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LEAST-Low Energy Systems TechnologyEstablished in 2013, the Center for Low Energy Systems Technology (LEAST) is one of six university microelectronics research centers funded by the Semiconductor Research Corporation (SRC) and the Defense Advanced Research Projects Agency (DARPA) to support the continued growth and leadership of the U.S. semiconductor industry.

The six centers and their 39 universities make up the Semiconductor Technology Advanced Research Network (STARnet). SRC and DARPA have dedicated $194 million over five years to the six new centers, with each center receiving about $6 million annually.

Center research

LEAST explores the physics of new materials and devices that can lead to more energy-efficient integrated circuits and systems. The research focus is on ultra-low voltage and steep transistors – transistors that have steep transitions between their on and off state (less than 60 mV/decade of current).

Multidisciplinary team

The research team, led by 30 faculty members from 12 universities, includes recognized leaders in materials physics, materials growth, device physics, surface science, chemistry, density-functional theory, quantum transport, nanoscale characterization, circuits, systems, and architectures.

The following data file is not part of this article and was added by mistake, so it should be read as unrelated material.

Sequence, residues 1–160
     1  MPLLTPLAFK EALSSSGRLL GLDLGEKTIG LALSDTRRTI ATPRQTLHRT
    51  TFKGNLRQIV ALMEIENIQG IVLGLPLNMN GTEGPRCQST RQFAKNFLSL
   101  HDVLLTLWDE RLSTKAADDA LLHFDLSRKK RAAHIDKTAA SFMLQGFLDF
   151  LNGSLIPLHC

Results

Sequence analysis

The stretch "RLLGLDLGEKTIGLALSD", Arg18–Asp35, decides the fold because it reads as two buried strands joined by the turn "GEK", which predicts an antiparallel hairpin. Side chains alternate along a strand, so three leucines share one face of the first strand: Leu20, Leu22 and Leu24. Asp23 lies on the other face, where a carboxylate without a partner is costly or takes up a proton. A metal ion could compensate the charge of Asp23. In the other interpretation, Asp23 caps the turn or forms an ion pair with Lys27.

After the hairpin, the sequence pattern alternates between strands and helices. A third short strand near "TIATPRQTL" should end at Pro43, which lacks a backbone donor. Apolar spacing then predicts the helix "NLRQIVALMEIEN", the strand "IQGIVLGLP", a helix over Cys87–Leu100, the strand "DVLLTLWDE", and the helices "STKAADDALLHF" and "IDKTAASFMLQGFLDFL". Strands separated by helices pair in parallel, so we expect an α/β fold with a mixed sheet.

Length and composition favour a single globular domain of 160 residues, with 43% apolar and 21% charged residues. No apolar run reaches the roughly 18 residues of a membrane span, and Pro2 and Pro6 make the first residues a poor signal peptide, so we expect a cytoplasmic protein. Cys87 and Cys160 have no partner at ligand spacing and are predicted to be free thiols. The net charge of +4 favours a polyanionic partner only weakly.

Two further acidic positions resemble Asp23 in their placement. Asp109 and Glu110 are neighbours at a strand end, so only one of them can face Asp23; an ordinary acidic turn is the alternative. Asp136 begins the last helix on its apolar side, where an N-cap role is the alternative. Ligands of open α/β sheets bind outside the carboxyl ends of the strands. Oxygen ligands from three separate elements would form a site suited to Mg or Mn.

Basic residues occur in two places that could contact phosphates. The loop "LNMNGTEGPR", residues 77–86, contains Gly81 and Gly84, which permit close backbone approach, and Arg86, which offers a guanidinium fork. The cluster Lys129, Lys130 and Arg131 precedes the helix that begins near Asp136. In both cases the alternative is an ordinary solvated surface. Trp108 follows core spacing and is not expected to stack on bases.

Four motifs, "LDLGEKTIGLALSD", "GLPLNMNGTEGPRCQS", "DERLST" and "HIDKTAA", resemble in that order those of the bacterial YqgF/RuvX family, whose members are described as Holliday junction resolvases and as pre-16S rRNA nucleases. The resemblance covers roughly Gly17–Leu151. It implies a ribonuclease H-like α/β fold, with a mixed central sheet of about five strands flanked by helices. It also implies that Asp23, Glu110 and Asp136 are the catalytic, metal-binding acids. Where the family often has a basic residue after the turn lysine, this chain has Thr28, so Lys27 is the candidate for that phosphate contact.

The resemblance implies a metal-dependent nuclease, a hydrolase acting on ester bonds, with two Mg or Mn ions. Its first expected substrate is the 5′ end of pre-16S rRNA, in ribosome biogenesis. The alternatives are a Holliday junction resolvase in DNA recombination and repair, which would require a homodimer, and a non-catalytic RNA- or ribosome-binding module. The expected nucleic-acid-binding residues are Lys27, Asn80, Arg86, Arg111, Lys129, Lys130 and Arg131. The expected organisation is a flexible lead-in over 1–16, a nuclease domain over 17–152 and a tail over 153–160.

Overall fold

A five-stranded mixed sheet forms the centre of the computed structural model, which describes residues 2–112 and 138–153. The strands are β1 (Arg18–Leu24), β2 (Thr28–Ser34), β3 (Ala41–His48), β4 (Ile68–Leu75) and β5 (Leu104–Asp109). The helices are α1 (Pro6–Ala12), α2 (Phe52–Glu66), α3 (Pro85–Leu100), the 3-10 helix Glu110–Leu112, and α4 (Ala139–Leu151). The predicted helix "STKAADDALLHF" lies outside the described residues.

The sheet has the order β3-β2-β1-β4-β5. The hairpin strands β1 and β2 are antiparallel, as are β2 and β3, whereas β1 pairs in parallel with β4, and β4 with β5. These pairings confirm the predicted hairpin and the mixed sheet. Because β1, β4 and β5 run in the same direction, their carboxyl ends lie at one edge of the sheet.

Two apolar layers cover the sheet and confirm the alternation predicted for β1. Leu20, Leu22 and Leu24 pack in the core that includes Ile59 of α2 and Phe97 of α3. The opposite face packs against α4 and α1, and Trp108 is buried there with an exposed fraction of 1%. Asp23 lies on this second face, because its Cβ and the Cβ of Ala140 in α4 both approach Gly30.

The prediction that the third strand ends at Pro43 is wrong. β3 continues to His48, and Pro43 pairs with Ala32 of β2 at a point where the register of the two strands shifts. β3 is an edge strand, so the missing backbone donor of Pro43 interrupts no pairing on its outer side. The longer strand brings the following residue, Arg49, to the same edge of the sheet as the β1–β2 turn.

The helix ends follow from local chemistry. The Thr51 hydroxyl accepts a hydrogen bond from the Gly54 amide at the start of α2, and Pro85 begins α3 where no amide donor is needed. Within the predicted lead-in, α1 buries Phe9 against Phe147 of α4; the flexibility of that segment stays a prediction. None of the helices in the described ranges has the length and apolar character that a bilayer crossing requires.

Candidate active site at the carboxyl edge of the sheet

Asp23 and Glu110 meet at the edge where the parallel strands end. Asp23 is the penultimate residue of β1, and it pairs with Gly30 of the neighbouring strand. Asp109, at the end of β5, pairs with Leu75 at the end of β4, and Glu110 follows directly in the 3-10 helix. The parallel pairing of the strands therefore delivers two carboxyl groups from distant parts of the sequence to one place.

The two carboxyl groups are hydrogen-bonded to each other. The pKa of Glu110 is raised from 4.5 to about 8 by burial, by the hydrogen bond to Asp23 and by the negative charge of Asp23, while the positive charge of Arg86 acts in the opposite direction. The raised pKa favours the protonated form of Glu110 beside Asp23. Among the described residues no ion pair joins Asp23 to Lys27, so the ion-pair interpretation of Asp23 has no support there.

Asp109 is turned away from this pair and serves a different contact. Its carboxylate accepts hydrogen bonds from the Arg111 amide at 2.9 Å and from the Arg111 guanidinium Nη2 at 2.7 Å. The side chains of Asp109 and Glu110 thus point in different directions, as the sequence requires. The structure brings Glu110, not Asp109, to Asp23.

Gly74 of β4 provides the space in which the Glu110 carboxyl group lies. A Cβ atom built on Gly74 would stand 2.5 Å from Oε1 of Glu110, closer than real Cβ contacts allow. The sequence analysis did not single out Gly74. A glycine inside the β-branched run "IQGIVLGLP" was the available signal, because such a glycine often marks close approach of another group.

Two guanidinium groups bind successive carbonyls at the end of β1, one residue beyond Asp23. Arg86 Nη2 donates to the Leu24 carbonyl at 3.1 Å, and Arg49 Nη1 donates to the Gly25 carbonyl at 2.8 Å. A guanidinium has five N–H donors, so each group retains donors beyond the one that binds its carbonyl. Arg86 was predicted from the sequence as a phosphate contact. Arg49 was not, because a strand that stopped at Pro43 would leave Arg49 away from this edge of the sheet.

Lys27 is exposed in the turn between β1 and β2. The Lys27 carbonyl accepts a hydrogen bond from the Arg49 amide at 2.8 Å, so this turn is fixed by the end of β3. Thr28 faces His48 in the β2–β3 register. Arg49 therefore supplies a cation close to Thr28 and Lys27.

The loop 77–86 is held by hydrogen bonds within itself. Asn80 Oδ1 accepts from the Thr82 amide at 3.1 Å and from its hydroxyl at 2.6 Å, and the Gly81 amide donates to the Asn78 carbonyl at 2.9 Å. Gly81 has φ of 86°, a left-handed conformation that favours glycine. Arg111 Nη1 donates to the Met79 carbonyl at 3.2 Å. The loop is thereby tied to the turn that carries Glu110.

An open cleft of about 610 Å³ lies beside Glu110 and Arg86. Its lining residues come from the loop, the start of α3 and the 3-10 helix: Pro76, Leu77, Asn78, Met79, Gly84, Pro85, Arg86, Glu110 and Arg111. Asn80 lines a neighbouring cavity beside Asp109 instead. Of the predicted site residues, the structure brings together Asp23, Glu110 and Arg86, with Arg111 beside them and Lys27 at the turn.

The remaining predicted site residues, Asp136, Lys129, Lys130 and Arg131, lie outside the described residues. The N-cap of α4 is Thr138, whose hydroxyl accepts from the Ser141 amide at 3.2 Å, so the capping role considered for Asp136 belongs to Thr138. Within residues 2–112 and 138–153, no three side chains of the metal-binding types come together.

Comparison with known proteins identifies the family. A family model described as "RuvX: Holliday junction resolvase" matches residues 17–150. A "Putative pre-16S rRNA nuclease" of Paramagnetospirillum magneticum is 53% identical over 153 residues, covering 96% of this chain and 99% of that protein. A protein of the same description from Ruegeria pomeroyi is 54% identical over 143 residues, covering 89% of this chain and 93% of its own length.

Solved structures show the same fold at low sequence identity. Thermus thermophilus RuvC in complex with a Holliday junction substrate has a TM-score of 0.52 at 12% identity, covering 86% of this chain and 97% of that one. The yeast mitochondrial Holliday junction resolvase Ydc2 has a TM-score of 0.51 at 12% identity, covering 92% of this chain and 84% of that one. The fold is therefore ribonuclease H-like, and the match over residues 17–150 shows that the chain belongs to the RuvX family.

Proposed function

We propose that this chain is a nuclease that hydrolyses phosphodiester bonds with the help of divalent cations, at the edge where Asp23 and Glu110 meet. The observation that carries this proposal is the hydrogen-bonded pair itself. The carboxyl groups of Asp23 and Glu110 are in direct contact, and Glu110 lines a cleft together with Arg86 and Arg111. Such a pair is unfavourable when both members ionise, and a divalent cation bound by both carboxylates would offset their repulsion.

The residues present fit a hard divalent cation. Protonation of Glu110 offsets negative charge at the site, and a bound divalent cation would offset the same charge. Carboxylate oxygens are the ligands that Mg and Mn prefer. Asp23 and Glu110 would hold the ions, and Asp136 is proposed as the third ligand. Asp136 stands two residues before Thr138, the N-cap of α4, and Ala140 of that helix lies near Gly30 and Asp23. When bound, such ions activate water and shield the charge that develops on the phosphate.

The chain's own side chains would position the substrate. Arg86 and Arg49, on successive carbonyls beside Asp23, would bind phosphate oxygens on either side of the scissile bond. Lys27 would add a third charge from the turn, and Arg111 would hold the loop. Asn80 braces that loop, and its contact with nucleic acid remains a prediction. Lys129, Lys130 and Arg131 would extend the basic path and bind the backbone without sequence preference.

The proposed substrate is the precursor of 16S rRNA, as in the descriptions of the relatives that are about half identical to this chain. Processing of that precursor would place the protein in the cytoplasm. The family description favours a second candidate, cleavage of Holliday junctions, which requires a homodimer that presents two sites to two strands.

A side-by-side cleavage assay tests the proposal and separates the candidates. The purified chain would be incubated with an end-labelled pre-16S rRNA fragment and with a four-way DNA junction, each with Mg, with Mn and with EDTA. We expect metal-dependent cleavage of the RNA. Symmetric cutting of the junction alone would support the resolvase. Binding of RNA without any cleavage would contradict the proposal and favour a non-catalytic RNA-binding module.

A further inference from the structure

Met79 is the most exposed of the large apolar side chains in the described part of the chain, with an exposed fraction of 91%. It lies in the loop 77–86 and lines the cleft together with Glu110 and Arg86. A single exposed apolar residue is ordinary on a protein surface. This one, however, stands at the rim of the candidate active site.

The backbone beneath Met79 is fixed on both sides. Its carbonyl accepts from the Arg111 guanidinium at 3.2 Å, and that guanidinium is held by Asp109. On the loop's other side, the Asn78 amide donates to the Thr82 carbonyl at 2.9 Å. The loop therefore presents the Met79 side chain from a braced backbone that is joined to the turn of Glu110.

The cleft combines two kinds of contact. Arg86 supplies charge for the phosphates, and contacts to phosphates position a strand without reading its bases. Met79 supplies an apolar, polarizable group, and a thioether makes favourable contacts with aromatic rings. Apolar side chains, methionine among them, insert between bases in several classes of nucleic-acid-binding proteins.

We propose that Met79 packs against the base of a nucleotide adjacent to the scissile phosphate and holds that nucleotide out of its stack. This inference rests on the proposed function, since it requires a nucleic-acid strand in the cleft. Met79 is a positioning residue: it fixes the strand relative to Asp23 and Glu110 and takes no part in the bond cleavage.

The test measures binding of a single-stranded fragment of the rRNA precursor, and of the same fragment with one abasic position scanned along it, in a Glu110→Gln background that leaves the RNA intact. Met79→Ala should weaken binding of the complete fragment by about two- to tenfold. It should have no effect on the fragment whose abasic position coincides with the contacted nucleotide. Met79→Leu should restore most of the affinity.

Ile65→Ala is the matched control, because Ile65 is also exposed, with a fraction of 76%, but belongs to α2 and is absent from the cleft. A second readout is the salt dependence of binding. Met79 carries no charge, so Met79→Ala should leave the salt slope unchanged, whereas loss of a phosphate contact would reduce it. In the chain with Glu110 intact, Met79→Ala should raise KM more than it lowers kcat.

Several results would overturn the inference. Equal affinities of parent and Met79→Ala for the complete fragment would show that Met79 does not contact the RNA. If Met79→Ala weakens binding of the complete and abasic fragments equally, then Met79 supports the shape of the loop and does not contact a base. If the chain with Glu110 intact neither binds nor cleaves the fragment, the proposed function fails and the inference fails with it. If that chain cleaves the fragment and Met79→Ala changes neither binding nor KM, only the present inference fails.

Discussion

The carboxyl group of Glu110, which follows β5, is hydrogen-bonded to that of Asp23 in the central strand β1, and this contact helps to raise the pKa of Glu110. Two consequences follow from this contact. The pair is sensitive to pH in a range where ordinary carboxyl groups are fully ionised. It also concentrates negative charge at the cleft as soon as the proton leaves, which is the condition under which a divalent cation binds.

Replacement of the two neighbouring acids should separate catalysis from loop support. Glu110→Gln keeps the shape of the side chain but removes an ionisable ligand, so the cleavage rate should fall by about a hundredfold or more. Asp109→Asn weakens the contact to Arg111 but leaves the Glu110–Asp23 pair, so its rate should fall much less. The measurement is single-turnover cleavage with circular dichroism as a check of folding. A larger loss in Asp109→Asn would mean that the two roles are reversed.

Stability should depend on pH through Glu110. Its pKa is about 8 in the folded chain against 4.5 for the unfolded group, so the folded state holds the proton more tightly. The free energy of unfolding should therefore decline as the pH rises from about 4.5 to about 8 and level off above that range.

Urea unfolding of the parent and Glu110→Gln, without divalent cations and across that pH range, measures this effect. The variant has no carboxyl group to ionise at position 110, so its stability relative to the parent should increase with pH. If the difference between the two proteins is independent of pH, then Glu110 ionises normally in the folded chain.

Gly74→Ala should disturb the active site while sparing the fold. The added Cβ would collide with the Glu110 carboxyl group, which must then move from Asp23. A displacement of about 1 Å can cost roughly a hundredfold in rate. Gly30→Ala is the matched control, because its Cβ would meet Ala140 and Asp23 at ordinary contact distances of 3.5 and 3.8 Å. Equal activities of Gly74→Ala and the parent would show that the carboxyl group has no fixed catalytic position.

Seabaugh photo
Alan Seabaugh

LEAST is led by the University of Notre Dame. The Center’s technical director is Alan Seabaugh, professor of electrical engineering, Frank M. Freimann director of the Midwest Institute for Nanoelectronics Discovery (MIND), and associate director of Notre Dame’s Center for Nano Science and Technology (NDnano).

The nine partner universities are Carnegie Mellon University, Georgia Institute of Technology, Pennsylvania State University, Purdue University, University of California Berkeley, University of California San Diego, University of California Santa Barbara, University of Texas Austin, and University of Texas Dallas.

Building on success

MIND Midwest Institute for Nanoelectronics DiscoveryLEAST is an outgrowth of research done in the Midwest Institute for Nanoelectronics Discovery (MIND), another SRC center established in 2008 and funded under the Nanoelectronics Research Initiative and the National Institute of Standards and Technology (NIST), with local support from the State of Indiana and the City of South Bend. One of the devices developed in MIND, the tunnel field-effect transistor (TFET) has entered industrial research and development labs worldwide.


The other five centers are:

Gilroy Vandentop is executive director of STARnet.

LEAST at a glance
  • Established January 2013
  • 11 universities
    27 principal investigators
    24 postdocs/5 Research Asst.
    72 graduate students 
  • Mission
    To develop low-voltage and steep subthreshold swing components for beyond-CMOS electronic systems.
  • Four research themes
    - Materials, interfaces, and surfaces

    - Quantum engineered steep transistors

    - Transduction components

    - Benchmarks, circuits and architectures
  • Technical director
    Alan Seabaugh (Notre Dame)
  • Managing director
    Robert Dunn (Notre Dame)